How to Create a Strong Password You’ll Actually Remember

Picking a strong password can be a tricky business, especially if you’re aiming to create one that’s strong and easy to remember. The worry between “not secure enough” and “much too complicated” looms over us all.

But choosing a strong password doesn’t always have to be a stressful situation. There are tons of useful tricks you can use to ensure that your password is both secure and easy to remember.

Here are some tips to help you create more secure and more memorable passwords!

Picture of Login username and password

The Basics

According to traditional advice (which still works!), there are few things you should keep in mind when creating a strong password:

  • Make sure your password has at least 12 characters: When it comes to passwords, the longer the better. There’s no minimum password length everyone agrees on, but you should generally go for passwords that are a minimum of 12 to 14 characters in length.
  • Include numbers, symbols, capital letters, and lower-case letters: A bit of variety never hurt anybody, and it’s actually recommended when creating a password. Use a mix of different types of characters to make the password harder to crack.
  • Stay away from dictionary words, slang, places, common phrases, email addresses, or names: Steer clear of any simple words or phrases. If it can be easily spelled or guessed, your password definitely isn’t as secure as it needs to be.

With all these requirements, sometimes it might seem best to close your eyes and type out a bunch of random characters and use that as your password – but there are still a few extra tips you can use to make sure your passwords are strong and easy for you to remember!

FixMeTip: And just to be sure, don’t put yourself at risk by using one of the worst passwords of 2020 (you’ll thank yourself later!).

Try Using Mnemonics

A mnemonic is a memory device using patterns and associations. Mnemonics are used for an infinite array of topics, are particularly helpful with studying and learning languages, and especially useful when it comes to creating passwords!

Famous mnemonics include:

  • I before E, except after C 
  • Roy G Biv – for remembering the rainbow; Red, Orange, Yellow Green, Blue, Indigo, Violet
  • Every good boy deserve fudge/FACE – used in music to remember the notes on the treble staff

By using mnemonics, you can craft yourself a complex password that doesn’t require too much mental stress on your end!

Some tips when choosing your password mnemonics: 

  • Use a sentence or phrase specific to you – something describing a personal experience or interaction, for example ‘I live in a cozy house’ becomes ‘Iliach’
  • Use a phrase that contains upper and lower case letters – for example ‘I lived in a cozy home on Elm Street’ becomes ‘IliachoES’
  • Use a pattern that contains numbers – ‘I lived in a cozy home on 7890 Elm Street’ becomes ‘Iliacho7890ES’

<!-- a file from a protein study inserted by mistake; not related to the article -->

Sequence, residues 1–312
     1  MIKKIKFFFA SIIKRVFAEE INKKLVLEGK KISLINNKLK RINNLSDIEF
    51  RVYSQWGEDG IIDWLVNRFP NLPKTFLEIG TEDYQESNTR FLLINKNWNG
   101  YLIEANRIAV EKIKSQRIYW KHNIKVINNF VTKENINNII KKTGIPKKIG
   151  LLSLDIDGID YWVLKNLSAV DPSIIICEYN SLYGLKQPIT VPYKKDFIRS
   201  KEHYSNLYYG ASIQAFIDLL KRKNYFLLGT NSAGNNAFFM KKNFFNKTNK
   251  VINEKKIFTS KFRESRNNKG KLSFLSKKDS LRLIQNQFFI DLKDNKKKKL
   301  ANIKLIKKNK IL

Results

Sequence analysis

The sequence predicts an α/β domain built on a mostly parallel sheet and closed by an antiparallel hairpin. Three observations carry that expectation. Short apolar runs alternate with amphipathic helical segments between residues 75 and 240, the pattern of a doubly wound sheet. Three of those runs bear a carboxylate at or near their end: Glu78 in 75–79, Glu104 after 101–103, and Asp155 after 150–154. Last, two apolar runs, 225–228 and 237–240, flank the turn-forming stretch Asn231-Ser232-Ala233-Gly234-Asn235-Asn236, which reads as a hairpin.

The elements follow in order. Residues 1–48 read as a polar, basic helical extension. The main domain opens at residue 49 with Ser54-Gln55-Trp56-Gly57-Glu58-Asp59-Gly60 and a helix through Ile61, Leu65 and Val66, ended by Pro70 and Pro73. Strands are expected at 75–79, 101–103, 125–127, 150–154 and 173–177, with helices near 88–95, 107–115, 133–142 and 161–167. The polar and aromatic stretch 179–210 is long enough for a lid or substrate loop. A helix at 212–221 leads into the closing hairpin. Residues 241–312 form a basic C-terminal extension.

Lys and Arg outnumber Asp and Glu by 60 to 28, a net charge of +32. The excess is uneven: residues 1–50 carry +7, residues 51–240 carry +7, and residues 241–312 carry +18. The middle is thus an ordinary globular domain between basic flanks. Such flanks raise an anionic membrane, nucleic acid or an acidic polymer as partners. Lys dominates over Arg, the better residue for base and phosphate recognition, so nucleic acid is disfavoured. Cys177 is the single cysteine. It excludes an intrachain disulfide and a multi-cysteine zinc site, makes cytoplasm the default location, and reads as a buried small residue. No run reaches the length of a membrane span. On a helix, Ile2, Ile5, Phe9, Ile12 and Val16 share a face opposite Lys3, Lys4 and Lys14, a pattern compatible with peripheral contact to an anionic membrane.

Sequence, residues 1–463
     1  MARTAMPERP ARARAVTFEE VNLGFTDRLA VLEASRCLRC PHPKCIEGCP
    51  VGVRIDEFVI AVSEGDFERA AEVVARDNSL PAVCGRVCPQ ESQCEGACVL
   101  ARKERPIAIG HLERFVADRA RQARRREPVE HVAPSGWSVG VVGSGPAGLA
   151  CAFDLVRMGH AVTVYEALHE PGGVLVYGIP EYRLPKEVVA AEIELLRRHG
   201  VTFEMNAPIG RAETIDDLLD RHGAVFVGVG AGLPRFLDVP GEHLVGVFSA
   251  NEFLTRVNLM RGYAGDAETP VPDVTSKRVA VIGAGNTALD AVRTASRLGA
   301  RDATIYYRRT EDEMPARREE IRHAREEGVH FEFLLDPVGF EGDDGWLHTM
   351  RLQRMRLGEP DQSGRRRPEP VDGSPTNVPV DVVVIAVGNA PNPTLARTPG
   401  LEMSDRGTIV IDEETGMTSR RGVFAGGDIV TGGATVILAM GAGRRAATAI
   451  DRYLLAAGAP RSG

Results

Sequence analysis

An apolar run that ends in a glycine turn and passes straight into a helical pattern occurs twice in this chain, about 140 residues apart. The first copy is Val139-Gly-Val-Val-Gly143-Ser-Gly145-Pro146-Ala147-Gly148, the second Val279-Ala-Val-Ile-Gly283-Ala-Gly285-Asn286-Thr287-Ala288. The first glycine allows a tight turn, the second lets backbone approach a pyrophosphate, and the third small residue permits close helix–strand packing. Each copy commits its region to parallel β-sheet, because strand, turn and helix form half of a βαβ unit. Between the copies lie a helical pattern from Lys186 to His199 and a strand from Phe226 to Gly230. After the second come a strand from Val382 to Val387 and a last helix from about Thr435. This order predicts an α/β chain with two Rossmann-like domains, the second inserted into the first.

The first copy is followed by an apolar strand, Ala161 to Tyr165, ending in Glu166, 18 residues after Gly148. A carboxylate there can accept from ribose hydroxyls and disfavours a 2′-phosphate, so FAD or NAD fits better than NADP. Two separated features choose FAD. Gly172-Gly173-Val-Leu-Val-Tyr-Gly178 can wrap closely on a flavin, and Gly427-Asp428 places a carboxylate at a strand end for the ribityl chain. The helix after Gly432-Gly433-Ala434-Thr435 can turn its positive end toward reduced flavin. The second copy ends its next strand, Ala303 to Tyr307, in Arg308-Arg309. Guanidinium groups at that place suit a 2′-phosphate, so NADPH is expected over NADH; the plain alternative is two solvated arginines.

• Try to use symbols too – ‘I paid $700/month to live in my cozy home on 7890 Elm Street’ is now ‘Ip$7/mtlimcho7890ES’

Use a Passphrase

Sometimes what you’re in need of isn’t a password, but a passphrase. Instead of creating a password that consists of a series of numbers and letters that you have to 50/50 chance of remembering, some cybersecurity professionals suggest using a passphrase!

When it comes to using a passphrase, you’re better of choosing words that don’t naturally go together, then invent a mnemonic story or image to link them. Add a few numbers at the end, and you’ve created a long and complex password! Just make sure that this phrase is something you’ll remember, choosing something completely obscure isn’t always the best way to go.

Image of a song book to explain how you can use passphrase to help you remember your passwords.

Think of a Line from a Song or a Book

Need some help brainstorming a password? Draw some inspiration from your favourite song or book, and start with that. Pick a line or phrase that you know you’ll remember, and change it into a password friendly version!

For example, if you choose a line from the Beatles’ song “Hey Jude”, you can flip it around a bit to make it suitable for your password! While we don’t recommend making your password HeyJude123, you can still use other less known lyrics for a safe and secure password.

Hopefully you gained a bit of knowledge from these password tips! While mnemonics are one of the best methods recommended by cybersecurity professionals for creating a strong and unique password, there are tons of other little tricks that you can use to create something that works for you. Especially in a time when data breaches and hacks are rampant, you’ll want to make sure that your accounts are as secure as they can be!

What tips and tricks have you been using to beef up your password? Let us know in the comments below (but be sure not to leave your actual password)!